More Extensive Radiation Therapy May Provide Benefit in Early Breast Cancer
The addition of regional lymph node irradiation (radiation therapy to lymph nodes around the breast) may improve outcomes for some women with early breast cancer. These results were published at the 2011 annual meeting of the American Society of Clinical Oncology.
Treatment of early breast cancer often involves breast-conserving surgery, whole-breast radiation therapy, and (when appropriate) systemic therapies such as chemotherapy and hormonal therapy. When the cancer has high-risk features, such as a large tumor size or more than three positive axillary (under-the-arm) lymph nodes, treatment may also involve radiation to the lymph nodes around the breast (regional nodal irradiation). For women with only a few positive axillary lymph nodes, however, it’s been uncertain whether this more extensive radiation provides a benefit. It is estimated that about 14% of women diagnosed would have 1-3 positive nodes.
To evaluate regional nodal irradiation, researchers conducted a study among 1,832 women with node-positive or high-risk node-negative breast cancer. In addition to breast-conserving surgery and other standard breast cancer treatments, women were assigned to receive either whole-breast radiation therapy or whole-breast radiation therapy plus regional nodal irradiation.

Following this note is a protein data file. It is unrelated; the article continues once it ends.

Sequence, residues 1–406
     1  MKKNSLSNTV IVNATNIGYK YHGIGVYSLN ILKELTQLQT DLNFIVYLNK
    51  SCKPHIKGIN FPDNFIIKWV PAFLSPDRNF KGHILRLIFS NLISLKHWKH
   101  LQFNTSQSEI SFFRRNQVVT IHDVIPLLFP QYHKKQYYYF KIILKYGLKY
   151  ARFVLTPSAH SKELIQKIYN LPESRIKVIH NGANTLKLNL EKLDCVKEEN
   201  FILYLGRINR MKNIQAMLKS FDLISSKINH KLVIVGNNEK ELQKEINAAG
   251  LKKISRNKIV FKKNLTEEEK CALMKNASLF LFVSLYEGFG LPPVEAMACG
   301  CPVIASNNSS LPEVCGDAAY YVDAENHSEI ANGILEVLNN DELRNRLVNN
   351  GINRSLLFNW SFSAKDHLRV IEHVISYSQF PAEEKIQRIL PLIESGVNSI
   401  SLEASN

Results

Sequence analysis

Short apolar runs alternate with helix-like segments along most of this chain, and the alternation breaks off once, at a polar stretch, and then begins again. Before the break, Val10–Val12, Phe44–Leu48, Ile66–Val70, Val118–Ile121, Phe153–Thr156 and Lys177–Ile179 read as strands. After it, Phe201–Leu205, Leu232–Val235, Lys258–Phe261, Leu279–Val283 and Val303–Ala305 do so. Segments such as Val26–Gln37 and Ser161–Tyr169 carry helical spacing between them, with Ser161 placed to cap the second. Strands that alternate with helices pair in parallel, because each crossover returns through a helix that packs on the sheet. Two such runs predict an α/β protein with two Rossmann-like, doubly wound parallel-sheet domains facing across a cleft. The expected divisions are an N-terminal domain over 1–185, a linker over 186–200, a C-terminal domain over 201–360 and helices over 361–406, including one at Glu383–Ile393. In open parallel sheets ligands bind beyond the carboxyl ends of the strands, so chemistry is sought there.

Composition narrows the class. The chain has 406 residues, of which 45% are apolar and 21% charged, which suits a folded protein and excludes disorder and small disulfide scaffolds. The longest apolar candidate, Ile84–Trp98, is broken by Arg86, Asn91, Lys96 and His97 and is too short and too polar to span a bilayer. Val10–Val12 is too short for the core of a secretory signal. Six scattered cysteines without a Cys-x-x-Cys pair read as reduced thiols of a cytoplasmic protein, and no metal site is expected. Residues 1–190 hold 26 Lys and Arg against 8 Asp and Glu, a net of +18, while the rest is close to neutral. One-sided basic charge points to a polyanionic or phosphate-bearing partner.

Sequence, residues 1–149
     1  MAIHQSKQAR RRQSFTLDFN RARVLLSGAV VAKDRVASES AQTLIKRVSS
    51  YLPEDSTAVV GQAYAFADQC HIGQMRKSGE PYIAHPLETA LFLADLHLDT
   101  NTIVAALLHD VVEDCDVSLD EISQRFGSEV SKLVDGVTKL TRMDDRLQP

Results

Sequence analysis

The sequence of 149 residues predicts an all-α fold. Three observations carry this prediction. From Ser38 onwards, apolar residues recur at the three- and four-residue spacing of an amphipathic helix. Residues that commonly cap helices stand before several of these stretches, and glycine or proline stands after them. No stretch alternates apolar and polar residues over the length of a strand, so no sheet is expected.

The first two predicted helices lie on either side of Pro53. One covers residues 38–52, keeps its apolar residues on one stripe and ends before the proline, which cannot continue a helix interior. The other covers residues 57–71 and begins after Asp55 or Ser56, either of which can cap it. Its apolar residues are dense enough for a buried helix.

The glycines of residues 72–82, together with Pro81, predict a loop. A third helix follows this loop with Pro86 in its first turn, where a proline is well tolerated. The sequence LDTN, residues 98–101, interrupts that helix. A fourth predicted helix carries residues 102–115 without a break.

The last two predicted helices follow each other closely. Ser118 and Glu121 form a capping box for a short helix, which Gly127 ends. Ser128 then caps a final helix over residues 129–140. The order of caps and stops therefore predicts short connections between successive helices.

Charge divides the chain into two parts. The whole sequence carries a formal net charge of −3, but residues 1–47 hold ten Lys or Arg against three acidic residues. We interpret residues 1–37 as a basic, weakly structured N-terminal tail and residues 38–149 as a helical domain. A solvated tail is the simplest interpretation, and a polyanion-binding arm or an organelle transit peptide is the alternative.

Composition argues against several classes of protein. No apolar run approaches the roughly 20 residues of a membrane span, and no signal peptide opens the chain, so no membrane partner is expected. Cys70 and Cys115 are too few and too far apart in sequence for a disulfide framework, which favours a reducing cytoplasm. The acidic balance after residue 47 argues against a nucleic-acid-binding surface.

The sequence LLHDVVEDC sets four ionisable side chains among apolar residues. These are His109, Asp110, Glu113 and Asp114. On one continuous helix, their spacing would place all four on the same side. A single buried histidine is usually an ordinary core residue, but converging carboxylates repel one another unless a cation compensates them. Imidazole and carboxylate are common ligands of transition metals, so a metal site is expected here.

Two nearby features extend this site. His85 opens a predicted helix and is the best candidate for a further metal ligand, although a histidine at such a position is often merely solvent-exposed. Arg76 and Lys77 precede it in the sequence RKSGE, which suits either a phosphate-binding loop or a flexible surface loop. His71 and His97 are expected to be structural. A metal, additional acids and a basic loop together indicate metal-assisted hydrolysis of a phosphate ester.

In a prepared statement, the lead author of the study noted “These results are potentially practice-changing. They will encourage physicians to offer all women with node-positive disease the option of receiving regional nodal irradiation. Adding regional nodal irradiation improved disease-free survival, lowered the risk of recurrences, and there was a positive trend toward improved overall survival, while not greatly increasing toxicities.”
Reference: Whelan TJ, Olivotto I, Ackerman I et al. NCIG-CTG MA.20: An intergroup trial of regional nodal irradiation in early breast cancer. Paper presented at: 2011 Annual Meeting of the American Society of Clinical Oncology; June 3-7, 2011; Chicago, IL. Abstract LBA1003.